“For far too long, our nation’s veterans have been living with chronic illnesses as a result of exposures during their time in uniform. Today, we’re taking necessary steps to right this wrong with our proposal that’ll provide veterans and their families with the health care and benefits they have earned and deserve,” Sen. Jon Tester, a Montana Democrat and the committee’s chairman, and Sen. Jerry Moran, a Kansas Republican and ranking member of the panel, said in a joint statement.
The agreement is years in the making, and, if successful, would amount to a major bipartisan victory. Tester and Moran’s joint statement signals their effort to win the 60 votes needed for the measure to pass the 50-50 Senate.
Burn pits seen as this generation’s Agent Orange
Burn pits were commonly used to burn waste, including everyday trash, munitions, hazardous material and chemical compounds at military sites throughout Iraq and Afghanistan until about 2010.
Among its priorities, the legislation would widely expand health care resources and benefits to former military service members exposed to burn pits and could provide coverage for up to 3.5 million toxic-exposed veterans. It adds 23 conditions related to burn pit and toxic exposure, including hypertension, to the VA’s list of illnesses that have been incurred or exacerbated during military service, removing the burden for veterans to prove that their toxic exposure resulted in these conditions.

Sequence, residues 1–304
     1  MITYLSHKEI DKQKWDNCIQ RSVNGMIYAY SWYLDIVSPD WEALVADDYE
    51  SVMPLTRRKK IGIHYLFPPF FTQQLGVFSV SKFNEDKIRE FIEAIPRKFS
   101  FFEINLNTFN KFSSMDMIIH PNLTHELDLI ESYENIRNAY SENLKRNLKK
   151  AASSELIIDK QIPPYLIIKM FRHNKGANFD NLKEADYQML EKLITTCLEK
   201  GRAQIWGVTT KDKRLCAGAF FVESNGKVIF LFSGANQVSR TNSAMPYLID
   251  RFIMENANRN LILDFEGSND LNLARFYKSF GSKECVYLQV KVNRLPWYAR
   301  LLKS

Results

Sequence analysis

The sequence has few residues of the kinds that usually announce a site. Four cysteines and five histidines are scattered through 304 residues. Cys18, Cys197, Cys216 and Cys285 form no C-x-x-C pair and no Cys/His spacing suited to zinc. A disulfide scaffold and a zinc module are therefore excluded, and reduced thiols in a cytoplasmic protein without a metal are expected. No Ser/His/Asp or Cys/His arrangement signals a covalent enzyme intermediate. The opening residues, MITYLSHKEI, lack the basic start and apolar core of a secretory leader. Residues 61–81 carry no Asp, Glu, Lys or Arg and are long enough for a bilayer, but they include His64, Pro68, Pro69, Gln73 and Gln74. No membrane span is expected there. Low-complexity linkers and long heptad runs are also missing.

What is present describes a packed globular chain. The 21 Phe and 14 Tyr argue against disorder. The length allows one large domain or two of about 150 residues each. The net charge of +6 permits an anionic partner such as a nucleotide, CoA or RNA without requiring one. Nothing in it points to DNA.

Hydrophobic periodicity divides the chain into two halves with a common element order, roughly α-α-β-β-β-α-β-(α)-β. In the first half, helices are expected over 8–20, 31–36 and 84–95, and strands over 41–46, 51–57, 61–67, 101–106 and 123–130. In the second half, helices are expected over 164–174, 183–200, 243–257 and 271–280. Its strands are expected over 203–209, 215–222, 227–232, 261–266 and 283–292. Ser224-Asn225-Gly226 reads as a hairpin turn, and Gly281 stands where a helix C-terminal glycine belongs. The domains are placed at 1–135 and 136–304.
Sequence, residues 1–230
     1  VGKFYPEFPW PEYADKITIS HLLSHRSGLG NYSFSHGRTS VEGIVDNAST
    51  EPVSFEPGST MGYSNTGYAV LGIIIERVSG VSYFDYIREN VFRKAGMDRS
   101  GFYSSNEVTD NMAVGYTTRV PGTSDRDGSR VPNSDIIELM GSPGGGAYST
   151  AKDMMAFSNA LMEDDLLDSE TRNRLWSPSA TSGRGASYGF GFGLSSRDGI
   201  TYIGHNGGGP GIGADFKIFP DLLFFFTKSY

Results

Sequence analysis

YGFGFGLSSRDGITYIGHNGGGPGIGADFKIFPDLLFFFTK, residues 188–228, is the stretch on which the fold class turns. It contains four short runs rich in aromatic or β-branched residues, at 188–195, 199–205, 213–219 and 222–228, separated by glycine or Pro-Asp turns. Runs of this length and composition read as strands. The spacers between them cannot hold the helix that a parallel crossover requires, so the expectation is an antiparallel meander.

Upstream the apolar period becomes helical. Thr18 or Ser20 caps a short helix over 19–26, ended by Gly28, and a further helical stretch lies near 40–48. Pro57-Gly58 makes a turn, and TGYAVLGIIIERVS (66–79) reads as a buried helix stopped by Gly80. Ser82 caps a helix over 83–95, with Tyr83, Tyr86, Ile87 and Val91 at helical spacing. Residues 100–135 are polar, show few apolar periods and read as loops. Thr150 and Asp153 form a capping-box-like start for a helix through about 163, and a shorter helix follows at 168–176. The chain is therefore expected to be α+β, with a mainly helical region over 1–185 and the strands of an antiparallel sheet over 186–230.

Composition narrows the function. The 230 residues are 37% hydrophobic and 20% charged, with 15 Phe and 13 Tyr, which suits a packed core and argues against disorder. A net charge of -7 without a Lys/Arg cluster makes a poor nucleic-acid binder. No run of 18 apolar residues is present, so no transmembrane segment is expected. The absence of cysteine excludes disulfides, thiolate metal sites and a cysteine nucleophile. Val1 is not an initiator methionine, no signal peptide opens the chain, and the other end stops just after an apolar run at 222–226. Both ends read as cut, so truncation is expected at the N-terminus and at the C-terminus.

The bill also calls for investments in VA health care facilities, claims processing and the VA workforce while also strengthening federal research on toxic exposure, which has been a priority for Biden as well.
Negotiations have lasted over a year
The senators worked with key House members to negotiate the deal, including Rep. Mark Takano, a California Democrat and chairman of the chamber’s Veterans’ Affairs Committee, who introduced the House-passed bill, which the senators’ agreement amends.
In March, the US House of Representatives passed sweeping burn pit legislation called the Honoring our PACT Act. The final vote was 256-174, with 34 Republicans joining all Democrats in support of passage.
Key changes agreed on by Tester and Moran would phase in presumptions, which connect the illness to military service making veterans eligible for health care, and amend the presumptive process, with the goal of easing and streamlining the change for the VA.
Comedian and political commentator Jon Stewart, a longtime advocate for 9/11 first responders and victims, has been a high-profile figure in the effort to raise attention to getting health care benefits for veterans exposed to burn pits in recent years.
“We can’t wait any longer. This delay is unconscionable,” Stewart said at a news conference outside the US Senate in March alongside Majority Leader Chuck Schumer, urging the chamber to pass comprehensive legislation to help toxic-exposed veterans.
“The bottom line is our country exposed our own veterans to poison for years, and we knew about it, and we did not act with urgency and appropriateness,” Stewart said earlier this year at a virtual roundtable with the House Veterans’ Affairs Committee. “And therefore, we’ve lost men and women who served this country. They’ve died out of our inaction.”
Tester and Moran will now work to finalize the text of the bill and are pushing to hold a vote as soon as next week, though it’s unclear when Schumer will bring it to the floor.
CNN’s Clare Foran, Kristin Wilson and Megan Vazquez contributed to this report.